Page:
Rheumatoid Arthritis Pathology
Rheumatoid arthritis pathology consists of the changes that take place in the tissues that are involved in the disease. These changes are mainly seen in the synovium which is the tissue that is covering the inner lining of the joints.
The very first change that occurs in the synovium is a increase in the number cells of the synovial lining. The first cells to increase are the mononuclear cells which are a type of white blood cells with a single round to oval nucleus. These accumulate around the blood vessels of the synovium.
A increase in the cells also leads to a increase in the other substances in the tissue. This results in the synovium becoming thick and swollen. This synovium now protrudes into the joint cavity in the form of small finger like projections called villi.
Symptoms of the disease begin to manifest when the mononuclear cells are replaced by T lymphocytes (white blood cells derived from the Thymus gland and responsible for cellular immunity).
As the disease progresses the synovium develops a characteristic picture of chronic (long standing) inflammatory arthritis. This consists of the following changes as seen under a laboratory microscope
- increase in size and number of synovial lining cells
- increased number of blood vessels in the synovium
- these vessels are more leaky and at places they develop blood clots
- increase in the fluid within the synovium (edema)
- presence of large number of white blood cells cells (mainly T cells) particularly around the blood vessels
- CD4+ subset of T cells predominate and are concentrated around the very small veins in the synovium
- CD8+ subset of T cell are also present in small numbers through out the synovium
- B cells (responsible for humoral immunity) mast cells and fibroblasts are also found
Mast cells contribute to rheumatoid arthritis pathology by release of histamine and fibroblast cells release enzymes that cause destruction of cartilage.
The various cells present in the synovium release certain substances called cytokines and chemokines that are responsible for mediating the inflammatory process that leads to destruction of bone and cartilage.
Cytokines and chemokines are of two types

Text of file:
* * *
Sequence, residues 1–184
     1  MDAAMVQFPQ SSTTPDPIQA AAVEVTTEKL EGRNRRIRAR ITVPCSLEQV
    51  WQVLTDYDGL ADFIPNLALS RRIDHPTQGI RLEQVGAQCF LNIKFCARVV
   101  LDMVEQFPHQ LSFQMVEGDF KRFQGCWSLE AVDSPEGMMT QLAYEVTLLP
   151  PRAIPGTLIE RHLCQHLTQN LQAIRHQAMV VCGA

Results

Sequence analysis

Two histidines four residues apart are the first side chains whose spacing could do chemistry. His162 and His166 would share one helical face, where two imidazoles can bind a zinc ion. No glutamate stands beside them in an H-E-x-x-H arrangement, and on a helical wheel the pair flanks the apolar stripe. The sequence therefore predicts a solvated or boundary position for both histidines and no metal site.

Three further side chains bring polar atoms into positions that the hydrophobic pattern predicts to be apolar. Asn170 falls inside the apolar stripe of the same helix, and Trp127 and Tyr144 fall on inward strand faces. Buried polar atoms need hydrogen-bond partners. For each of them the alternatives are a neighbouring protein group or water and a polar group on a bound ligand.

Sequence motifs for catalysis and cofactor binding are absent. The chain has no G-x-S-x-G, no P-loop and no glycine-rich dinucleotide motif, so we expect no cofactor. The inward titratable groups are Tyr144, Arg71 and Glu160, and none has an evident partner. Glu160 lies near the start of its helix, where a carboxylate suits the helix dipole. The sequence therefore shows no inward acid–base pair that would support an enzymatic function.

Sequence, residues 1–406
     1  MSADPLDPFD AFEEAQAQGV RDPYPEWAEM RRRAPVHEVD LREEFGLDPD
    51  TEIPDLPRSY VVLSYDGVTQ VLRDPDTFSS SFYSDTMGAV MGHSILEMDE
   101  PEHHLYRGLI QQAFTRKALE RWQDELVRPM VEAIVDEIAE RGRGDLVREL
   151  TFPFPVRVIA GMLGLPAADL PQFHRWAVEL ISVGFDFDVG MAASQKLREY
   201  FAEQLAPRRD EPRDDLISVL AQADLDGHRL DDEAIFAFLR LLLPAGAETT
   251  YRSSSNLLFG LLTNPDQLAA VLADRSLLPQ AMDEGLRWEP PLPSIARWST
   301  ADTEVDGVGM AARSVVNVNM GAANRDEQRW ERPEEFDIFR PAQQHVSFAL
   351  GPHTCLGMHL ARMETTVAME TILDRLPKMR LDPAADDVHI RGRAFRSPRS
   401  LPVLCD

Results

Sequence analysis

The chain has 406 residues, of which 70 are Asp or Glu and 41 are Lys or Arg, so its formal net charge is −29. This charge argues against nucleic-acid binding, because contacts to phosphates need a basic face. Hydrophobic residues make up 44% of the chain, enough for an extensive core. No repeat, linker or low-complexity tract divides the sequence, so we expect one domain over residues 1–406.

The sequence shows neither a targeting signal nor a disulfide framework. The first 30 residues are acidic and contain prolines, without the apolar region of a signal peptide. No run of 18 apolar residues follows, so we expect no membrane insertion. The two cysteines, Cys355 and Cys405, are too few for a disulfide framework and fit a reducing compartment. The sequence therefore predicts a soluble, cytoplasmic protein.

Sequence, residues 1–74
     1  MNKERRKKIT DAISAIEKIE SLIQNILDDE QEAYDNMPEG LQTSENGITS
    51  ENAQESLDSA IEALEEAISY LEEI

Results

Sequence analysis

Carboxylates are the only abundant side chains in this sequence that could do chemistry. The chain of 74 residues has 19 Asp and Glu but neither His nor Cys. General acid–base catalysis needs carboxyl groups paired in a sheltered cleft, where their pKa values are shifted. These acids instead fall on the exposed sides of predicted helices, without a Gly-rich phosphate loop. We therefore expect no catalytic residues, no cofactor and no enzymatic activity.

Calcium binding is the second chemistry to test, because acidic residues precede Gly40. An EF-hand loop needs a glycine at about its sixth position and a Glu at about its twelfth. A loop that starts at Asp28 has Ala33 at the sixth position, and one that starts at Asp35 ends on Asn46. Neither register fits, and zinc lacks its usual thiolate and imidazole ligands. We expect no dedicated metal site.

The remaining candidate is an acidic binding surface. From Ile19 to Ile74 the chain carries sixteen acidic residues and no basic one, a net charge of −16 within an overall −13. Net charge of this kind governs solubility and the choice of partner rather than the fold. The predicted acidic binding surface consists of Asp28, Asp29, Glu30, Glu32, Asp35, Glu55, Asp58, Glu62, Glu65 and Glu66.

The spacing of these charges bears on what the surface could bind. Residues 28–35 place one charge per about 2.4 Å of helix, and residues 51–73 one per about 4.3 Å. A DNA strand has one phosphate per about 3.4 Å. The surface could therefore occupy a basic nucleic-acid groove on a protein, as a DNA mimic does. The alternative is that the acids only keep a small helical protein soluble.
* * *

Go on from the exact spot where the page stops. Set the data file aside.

- those that increase the inflammation
- interferon gamma
- interleukin 1 and 6
- tumor necrosis factor
- those that decrease the inflammation
- transforming growth factor beta
- interleukin 4
Cytokines and chemokines that increase inflammation are found in greater quantity than the ones that decrease the inflammation with in the synovial tissue in rheumatoid arthritis pathology.
T cells release certain cytokines that cause the B cells to produce more antibodies against the synovium. These antibodies result in the activation of the complement system (a group of proteins present in the blood that are activated sequentially and lead to cell destruction).
As the above chronic inflammation continues in the synovium simultaneously a acute inflammatory process begins in the fluid present in the joint called the synovial fliuid.
The synovium is responsible for the secretion of the synovial fluid and in normal conditions it produces very little fluid. As in the knee which is the largest joint of the body the normal amount of synovial fluid is about 0.5 ml.
When inflamed the synovium becomes leaky and releases large amounts of synovial fluid. This synovial fluid contains large number of neutrophils (a type of white blood cell). These cells are the main cell types found in acute inflammation. They also enhance the inflammatory process in rheumatoid arthritis pathology.
In spite of the presence of inflammatory mediators in the synovial fluid the destruction of the cartilage begins at the place where it is closest to the synovial tissue. This synovium forms a pannus or flap of tissue that gradually creeps over the whole of the cartilage. It consists of a large number of mononuclear cells, fibroblasts and blood vessels.
Cytokines cause the cells of the pannus to release a large amount destructive enzymes. They also stimulate the cells of the cartilage (chondrocytes) and bone (osteocytes) to release destructive enzymes.
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This page was last updated on 31st March 2009.
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